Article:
And Moses stretched out his hand over the sea; and the LORD caused the sea to go back by a strong east wind all that night, and made the sea dry land, and the waters were divided. And the children of Israel went into the midst of the sea upon the dry ground: and the waters were a wall unto them on their right hand, and on their left. And the Egyptians pursued, and went in after them to the midst of the sea, [even] all Pharaoh’s horses, his chariots, and his horsemen.
This event really did happen, and God truly did deliver His people out of bondage, but the event was not just about Moses parting the Red Sea. It was also a picture of Jesus coming into this world where we were all in bondage to sin and Satan, and delivering us from that bondage, and leading us out, victorious over our enemies.
There are so many more true Bible stories we could go through. David slew Goliath, which is a picture of Jesus standing up to the mighty powers of this world and defeating them when they all thought He was dead. Jonah was swallowed by a big fish and went down into the sea, which is a picture of Jesus going down into the grave and coming back from the dead. Elijah and Elisha, Isaiah and Ezekiel and Jeremiah, and all the other prophets are types of our great prophet and priest, Jesus, about Whom they were prophesying. When Samson picked up the city gates, and carried them 30 miles away, the Holy Spirit gave us an image of Jesus picking up the burden of our sins and carrying them as far as the east is from the west.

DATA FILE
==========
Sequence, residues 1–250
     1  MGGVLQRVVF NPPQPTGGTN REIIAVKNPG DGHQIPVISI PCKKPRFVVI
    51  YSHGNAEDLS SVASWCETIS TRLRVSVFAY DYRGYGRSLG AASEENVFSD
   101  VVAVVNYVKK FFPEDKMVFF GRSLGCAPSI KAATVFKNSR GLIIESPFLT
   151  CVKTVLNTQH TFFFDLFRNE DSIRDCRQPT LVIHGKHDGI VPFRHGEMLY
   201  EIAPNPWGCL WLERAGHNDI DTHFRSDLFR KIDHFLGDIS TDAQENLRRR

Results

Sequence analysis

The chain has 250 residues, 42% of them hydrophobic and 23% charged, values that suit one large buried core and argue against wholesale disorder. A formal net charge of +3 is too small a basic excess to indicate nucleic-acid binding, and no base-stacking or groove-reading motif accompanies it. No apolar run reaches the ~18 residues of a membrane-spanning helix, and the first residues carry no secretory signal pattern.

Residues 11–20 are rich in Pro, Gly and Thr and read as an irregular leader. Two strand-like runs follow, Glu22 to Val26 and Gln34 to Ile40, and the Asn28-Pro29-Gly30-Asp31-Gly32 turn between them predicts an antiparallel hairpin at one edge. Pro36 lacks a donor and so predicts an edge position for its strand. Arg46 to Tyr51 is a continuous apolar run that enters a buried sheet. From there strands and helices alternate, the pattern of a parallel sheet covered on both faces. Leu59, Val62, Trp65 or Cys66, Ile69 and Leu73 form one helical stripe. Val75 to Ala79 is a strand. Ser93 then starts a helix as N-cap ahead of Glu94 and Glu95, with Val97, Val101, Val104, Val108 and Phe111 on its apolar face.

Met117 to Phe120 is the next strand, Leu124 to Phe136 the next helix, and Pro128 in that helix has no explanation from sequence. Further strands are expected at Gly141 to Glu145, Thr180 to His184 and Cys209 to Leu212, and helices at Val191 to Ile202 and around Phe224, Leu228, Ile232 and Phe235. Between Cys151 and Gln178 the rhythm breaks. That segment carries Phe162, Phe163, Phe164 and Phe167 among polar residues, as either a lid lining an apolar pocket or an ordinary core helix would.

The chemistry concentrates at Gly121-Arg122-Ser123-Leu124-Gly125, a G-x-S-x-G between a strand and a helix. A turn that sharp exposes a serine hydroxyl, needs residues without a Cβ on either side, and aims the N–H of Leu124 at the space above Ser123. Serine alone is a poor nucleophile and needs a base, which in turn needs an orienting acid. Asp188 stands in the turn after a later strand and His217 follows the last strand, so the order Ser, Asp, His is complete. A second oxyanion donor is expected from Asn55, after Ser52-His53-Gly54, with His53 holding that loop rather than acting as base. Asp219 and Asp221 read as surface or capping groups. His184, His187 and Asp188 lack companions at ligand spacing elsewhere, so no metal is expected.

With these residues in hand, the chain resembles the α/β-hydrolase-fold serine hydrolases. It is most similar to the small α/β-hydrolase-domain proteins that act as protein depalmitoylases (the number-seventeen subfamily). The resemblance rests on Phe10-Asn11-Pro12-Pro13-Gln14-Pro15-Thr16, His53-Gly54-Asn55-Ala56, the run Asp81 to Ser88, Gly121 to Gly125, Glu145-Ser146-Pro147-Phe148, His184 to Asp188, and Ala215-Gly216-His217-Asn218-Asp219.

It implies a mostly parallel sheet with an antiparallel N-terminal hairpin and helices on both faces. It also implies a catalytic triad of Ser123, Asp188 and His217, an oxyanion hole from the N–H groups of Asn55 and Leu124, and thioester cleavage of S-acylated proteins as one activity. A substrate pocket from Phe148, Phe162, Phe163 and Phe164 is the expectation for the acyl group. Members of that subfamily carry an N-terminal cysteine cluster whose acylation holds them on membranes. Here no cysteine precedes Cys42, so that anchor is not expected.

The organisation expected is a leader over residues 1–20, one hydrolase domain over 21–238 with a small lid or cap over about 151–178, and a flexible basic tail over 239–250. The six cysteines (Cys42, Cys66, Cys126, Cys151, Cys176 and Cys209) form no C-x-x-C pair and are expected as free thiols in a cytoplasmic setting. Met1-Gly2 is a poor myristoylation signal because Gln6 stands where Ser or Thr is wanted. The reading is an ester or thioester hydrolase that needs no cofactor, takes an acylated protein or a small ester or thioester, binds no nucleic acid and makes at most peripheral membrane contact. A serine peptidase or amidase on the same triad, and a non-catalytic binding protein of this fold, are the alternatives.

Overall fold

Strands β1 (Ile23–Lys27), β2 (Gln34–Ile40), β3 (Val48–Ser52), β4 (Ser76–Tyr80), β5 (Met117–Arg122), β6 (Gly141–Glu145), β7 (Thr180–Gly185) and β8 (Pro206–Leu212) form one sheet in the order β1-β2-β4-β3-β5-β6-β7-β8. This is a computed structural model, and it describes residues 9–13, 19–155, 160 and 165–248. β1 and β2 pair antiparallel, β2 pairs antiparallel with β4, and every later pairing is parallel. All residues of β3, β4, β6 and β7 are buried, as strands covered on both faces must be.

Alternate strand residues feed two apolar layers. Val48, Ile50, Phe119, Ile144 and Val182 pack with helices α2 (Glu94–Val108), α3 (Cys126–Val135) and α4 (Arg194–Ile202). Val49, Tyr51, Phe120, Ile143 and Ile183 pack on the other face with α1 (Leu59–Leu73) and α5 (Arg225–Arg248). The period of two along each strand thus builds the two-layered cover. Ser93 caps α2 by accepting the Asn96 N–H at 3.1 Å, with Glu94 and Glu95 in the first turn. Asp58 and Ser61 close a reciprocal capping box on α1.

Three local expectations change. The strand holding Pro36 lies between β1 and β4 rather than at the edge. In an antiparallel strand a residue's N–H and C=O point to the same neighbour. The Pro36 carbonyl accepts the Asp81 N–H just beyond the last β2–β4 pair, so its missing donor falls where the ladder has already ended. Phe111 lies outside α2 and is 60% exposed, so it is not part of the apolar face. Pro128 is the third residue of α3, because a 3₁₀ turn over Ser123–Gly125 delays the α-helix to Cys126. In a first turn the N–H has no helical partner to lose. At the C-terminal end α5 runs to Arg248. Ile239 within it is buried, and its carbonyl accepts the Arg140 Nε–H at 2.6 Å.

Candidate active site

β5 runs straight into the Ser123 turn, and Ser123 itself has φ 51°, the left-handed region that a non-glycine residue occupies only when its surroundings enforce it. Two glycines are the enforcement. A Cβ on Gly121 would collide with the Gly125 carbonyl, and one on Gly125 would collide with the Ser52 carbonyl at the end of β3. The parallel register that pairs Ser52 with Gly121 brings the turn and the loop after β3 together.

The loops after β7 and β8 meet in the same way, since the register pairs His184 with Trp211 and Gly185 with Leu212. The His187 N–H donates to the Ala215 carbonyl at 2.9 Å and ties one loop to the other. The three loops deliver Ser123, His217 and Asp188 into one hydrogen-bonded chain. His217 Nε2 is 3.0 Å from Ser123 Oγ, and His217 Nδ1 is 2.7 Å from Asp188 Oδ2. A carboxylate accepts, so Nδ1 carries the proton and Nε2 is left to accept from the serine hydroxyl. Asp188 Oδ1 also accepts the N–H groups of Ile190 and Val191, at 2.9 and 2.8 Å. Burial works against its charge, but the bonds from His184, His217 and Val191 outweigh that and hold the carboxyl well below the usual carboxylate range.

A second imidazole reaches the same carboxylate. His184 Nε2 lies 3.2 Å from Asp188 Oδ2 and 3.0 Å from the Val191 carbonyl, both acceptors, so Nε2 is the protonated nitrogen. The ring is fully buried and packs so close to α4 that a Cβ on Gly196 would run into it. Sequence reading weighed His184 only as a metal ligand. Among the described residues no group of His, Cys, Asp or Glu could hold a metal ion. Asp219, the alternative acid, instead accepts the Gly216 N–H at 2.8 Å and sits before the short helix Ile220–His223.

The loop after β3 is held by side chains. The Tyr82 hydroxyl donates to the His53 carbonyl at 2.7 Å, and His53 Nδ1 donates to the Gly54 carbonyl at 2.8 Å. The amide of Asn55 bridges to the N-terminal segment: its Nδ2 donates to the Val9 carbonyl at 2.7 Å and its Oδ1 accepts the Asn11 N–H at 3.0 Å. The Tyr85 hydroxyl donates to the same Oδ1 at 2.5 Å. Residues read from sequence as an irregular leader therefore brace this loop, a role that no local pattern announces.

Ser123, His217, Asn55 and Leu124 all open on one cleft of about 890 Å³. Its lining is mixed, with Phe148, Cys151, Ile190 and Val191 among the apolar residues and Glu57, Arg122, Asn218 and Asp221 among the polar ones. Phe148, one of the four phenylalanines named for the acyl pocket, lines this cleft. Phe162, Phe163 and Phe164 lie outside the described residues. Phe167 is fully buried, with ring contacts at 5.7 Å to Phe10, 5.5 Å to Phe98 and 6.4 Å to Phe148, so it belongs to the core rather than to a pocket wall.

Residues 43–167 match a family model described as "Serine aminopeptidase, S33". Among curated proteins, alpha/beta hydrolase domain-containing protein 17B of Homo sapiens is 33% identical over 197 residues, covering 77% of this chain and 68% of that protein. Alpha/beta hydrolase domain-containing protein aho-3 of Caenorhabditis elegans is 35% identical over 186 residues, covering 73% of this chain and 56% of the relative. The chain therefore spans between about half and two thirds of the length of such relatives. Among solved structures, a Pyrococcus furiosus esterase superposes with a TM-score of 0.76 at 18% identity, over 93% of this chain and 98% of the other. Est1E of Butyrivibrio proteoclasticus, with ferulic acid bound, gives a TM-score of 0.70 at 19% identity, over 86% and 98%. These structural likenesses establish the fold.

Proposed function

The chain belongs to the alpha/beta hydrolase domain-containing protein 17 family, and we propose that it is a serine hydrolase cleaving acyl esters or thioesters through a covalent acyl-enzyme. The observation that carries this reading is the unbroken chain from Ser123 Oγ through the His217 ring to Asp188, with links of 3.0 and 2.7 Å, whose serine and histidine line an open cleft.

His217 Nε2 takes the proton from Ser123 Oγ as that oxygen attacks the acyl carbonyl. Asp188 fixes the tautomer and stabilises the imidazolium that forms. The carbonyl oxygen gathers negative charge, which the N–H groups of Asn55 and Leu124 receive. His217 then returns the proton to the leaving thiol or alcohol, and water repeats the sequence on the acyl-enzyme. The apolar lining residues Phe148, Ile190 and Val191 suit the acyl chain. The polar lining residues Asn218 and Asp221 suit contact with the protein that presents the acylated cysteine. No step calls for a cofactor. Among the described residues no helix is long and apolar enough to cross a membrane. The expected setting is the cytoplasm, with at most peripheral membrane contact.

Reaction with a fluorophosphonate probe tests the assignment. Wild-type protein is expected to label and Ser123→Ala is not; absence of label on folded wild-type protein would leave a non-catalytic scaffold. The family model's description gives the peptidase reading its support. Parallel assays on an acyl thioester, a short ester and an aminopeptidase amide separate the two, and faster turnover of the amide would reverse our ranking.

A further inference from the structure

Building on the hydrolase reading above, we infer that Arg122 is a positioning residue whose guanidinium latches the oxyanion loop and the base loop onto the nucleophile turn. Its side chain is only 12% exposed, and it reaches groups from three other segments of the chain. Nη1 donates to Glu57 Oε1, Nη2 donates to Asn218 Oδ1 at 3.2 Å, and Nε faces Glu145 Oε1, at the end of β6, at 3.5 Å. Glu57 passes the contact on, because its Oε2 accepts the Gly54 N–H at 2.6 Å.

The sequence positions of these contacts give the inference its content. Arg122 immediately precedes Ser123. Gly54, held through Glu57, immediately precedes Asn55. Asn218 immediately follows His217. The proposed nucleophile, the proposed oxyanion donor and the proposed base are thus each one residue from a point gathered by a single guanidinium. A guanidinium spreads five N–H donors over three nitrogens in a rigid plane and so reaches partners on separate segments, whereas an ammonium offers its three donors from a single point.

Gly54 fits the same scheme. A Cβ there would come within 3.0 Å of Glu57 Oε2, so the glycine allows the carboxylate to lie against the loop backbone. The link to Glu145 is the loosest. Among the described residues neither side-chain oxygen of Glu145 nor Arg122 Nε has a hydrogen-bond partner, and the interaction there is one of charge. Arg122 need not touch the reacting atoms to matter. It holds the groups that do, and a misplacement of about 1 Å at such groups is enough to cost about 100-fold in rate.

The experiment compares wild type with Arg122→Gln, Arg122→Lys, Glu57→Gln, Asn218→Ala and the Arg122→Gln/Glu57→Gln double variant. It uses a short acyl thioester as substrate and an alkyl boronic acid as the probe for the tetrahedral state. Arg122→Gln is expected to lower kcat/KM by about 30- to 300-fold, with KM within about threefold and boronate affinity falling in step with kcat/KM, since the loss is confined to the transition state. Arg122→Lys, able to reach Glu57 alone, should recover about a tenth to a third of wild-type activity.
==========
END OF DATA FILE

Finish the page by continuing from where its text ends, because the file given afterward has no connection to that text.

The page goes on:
The whole Bible from cover to cover is really about Jesus. He’s the hero, the main character, the protagonist, the reason for the whole thing. He’s the author and the finisher, and He is on every page and in every word. That’s exciting, but it’s also important to remember. When you read the Bible, look for Jesus. When you teach the Bible, teach it as though it is about Jesus. When you do your devotions, give your devotion to Jesus.